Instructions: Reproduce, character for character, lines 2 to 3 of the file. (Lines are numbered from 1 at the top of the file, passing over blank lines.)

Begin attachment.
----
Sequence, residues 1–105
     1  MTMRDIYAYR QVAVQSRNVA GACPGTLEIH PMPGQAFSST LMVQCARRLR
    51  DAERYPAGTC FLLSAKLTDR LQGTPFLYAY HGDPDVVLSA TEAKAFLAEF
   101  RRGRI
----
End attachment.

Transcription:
     1  MTMRDIYAYR QVAVQSRNVA GACPGTLEIH PMPGQAFSST LMVQCARRLR
    51  DAERYPAGTC FLLSAKLTDR LQGTPFLYAY HGDPDVVLSA TEAKAFLAEF